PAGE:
Legacy certification in the era of open source is painfully slow, so the Open Networking Foundation is turbo-charging the process via a new program. The Open Networking Foundation (ONF) formally announced its Continuous Certification Program on Tuesday, but it's been in the works for a while, according to the ONF's Timon Sloane, vice president of market and ecosystem.
Traditionally, testing and certification required crafting a standard, which can take months or even years, writing a test plan and then testing the actual product in a lab, among other steps.
"With traditional certification, what we've experienced is it's broken," Sloane said. "What we’ve found in this open source, cloud era is that things are just moving too fast for traditional certification."
The Continuous Certification Program is enabled across the ONF's entire portfolio, which includes broadband, mobile and software-defined networking (SDN) infrastructure elements.
Sloane said that while ONF previously had more than 100 products certified for OpenFlow, it struggled to come up with solid certification process for its Central Office Re-architected as a Datacenter (CORD) framework.
"For about two years, we've been trying to figure out a CORD certification program of some form, and we really had to struggle with this challenge," Sloane said. "But we recognized while we're looking at this that there's an opportunity to rethink things because it happens in the cloud era that if you're doing CI/CD development, that's continuous integration and continuous deployment, you have tests that are kept up to date with the code on a day-to-day basis
"Our projects have all this testing capability built right into them using the best practices of cloud development. What we've created is this continuous certification and it really fits into this notion of CI/CD. So augmenting CI/CD, which is this cyclic process, with continuous certification where certification happens automatically as part of this automated development pipeline."
ONF products are constantly tested and a live Jenkins dashboard provides the status of each project, both currently and in past stages. The end result of the new certification program is that certification is constantly evolving on the fly.
"This is really creating an ecosystem whereby we're designing something that makes it easier for operators and others to identify a software release, identify a set of hardware that's compatible with that release and be able to consume it with much more assurance that the whole thing will work as a cohesive whole," Sloane said. "That's the vision and goal and coming together."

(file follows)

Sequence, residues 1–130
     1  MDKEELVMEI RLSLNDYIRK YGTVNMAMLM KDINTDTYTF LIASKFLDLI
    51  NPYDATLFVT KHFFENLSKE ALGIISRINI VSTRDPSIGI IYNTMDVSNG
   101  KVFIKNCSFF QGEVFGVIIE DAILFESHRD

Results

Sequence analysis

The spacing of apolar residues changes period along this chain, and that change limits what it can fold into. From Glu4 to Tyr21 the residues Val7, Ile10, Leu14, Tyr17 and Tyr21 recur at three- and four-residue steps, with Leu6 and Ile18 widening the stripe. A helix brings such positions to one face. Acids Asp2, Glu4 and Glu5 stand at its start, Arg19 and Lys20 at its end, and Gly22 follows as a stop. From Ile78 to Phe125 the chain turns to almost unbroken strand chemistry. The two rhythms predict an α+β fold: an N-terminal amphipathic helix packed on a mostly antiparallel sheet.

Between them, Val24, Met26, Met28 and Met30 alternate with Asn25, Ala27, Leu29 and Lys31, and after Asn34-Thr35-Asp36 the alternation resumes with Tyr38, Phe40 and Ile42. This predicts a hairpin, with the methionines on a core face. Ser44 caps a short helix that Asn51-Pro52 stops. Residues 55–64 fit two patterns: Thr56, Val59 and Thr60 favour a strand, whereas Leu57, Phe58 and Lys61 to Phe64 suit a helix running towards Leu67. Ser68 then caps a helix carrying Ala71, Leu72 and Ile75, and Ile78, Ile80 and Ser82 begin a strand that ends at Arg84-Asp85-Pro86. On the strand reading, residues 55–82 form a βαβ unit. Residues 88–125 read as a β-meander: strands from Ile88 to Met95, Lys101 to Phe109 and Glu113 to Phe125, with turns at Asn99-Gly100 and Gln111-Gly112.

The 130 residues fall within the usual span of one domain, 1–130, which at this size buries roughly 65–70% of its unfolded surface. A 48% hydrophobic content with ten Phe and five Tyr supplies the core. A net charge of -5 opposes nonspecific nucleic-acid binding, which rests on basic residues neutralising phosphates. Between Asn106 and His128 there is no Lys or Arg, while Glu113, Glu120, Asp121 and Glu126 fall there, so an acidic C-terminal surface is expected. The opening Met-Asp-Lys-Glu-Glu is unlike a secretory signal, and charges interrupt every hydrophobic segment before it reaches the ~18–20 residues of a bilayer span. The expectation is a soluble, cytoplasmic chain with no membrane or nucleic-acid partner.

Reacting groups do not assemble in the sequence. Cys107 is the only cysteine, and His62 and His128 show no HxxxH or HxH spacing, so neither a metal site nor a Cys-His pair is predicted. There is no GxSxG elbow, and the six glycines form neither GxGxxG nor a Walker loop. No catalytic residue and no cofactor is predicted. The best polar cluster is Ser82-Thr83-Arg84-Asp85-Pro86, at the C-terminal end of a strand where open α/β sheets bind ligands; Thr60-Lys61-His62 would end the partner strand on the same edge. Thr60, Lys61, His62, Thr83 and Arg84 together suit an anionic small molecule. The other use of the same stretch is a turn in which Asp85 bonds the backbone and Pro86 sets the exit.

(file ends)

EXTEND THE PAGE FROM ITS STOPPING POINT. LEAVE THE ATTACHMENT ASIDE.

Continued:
Sloane said the ONF's previous work in certification, along with its own engineering team and lab, provided the in-house know how to build and run the certification program.
"We're the only open source organization to have an engineering team that can take on something like this," he said.
The certification program kicked off with founding vendor members Edgecore Networks, Accelleran, Delta, Inventec, MiTAC, Sercomm, Stordis and Wywinn. Operator backers from the ONF for the certification program include AT&T, China Unicom, Comcast, T-Mobile, Google, NTT Group and Turk Telekom.
As proof that the certification is ready for prime time, Sloane said MiTAC has tested and verified its server with the current branch of the ONF's SDN Enabled Broadband Access (SEBA) reference design.
A lynchpin for the new certification is the ONF's partnership with the Open Compute Project (OCP.) The partnership will include running the ONF's certified, open source software on OCP's cloud hardware. Sloane said the Continuous Certification Program works in tandem with the OCP's Recognition Program and Marketplace for integrated hardware and software solutions. Over the next four to six weeks, the ONF will launch its own marketplace for certified hardware and software solutions.
"With OCP, we're going to be certifying hardware as part of our open software solutions," Sloane said. "We're going to work together with OCP and directly collaborate to make it easy for operators to source fully open and tested solutions. The ultimate vision here is being able to build open networks together with OCP."